NC: The ability to be nimble, flexible and change the world.  And I LOVE being a coach and mentor to people. To watch them grow, learn and problem-solve.
 
PW:  I've been able to build a culture of trust, collaboration and compassion. We trust each other enough to engage in rigorous debate to tackle big issues and constantly improve how we deliver services to our clients. I love coming to work every day because I love the people I work with. We laugh even on the most stressful days!

Our Small Business Council is comprised of 15 veteran small business owners who come from a variety of industries and backgrounds. They volunteer their time and entrepreneurial expertise at board meetings, public events and in the media to help Small Business Majority identify and address the biggest issues facing small businesses today.

 

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Friday, May 3, 2019

Small Business Majority’s Outreach Team advocates for entrepreneurs on two fronts: It supports policies that would benefit small firms, and it offers workshops and events that help small business owners grow their companies. Over the coming months, we’ll be sitting down with members of our Outreach Team to provide an introduction and let small business owners know how our team members can assist them.

This week we are spotlighting Bianca Blomquist, Small Business Majority’s Northern California Outreach Manager.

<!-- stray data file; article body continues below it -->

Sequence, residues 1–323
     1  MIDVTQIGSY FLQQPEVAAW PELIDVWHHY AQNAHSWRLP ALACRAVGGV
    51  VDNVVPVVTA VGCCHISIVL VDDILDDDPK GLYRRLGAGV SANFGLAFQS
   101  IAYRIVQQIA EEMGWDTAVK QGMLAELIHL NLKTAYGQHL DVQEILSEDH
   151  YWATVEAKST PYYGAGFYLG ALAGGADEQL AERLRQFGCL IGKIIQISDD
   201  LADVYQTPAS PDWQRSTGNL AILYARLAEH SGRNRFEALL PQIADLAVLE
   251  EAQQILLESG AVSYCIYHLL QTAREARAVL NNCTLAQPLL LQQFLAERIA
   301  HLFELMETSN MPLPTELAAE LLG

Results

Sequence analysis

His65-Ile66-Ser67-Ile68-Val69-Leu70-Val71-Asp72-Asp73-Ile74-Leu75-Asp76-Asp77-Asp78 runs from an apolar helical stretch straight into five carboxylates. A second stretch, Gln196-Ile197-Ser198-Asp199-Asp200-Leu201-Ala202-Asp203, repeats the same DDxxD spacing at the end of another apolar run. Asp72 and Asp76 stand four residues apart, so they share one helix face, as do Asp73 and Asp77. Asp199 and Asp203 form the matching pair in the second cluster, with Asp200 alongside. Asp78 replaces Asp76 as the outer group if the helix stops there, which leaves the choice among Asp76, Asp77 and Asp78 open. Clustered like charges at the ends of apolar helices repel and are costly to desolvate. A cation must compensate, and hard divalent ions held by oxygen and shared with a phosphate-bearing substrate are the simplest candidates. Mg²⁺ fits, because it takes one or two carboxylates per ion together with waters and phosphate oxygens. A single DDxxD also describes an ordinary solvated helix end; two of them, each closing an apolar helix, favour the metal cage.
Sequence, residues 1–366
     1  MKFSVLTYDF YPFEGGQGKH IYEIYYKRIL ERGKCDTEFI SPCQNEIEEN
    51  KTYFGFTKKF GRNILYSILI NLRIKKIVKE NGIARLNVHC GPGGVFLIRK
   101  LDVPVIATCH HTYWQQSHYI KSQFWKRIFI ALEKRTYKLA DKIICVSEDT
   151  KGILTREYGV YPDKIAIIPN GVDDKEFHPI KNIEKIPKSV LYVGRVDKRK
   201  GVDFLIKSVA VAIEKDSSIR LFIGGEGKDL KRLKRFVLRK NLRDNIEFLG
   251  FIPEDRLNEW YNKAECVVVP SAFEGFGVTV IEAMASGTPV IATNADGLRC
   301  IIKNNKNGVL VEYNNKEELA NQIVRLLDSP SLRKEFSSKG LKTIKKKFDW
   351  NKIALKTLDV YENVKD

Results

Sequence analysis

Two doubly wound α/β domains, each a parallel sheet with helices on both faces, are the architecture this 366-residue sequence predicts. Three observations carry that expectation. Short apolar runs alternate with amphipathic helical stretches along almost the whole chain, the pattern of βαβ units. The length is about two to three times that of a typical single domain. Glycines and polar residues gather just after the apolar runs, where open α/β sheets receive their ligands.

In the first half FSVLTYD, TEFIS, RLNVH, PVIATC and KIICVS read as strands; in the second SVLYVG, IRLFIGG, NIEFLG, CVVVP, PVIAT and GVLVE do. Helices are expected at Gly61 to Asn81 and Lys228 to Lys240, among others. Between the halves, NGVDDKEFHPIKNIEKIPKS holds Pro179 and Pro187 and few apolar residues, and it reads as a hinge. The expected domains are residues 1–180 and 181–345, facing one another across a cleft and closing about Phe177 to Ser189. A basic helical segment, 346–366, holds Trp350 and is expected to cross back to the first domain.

Q: What is your role at Small Business Majority?

A: I’m really fortunate to be an Outreach Manager in Northern California. It’s a unique place to work in this industry, specifically because of my proximity to the Bay Area and all the non-profits and mission-driven organizations that operate here. I have access to all these different organizations that are coming together to address the small business lending gap and the associated issues with a lack of lending in that space.

Q: What is your background?

A: I was born and raised in Minnesota, but prior to this job I lived in Washington, D.C., for almost 10 years. I moved there right after I graduated college with the goal of getting a job on Capitol Hill. I was only supposed to be in D.C. for six months, but I ended up falling in love with the political culture in DC.

I got an internship working for then-U.S. Rep. Keith Ellison (Minn.). It was around 2010, which was a really interesting time because we were right off the heels of the economic crisis, and the Dodd-Frank Wall Street Reform and Consumer Protection Act had just been implemented. That was what made me interested in financial services issues in the first place. It wasn’t because I am particularly business-minded, but because of the equity issues in that industry.           

Q: Why Small Business Majority?

A: What attracted me initially was the constituency. The common denominator in my work had been working families, but when I saw an organization that was advocating for small business owners I thought this would be a new constituency for me. But it’s also one that bridged a political divide that was becoming more and more apparent in D.C. in 2018.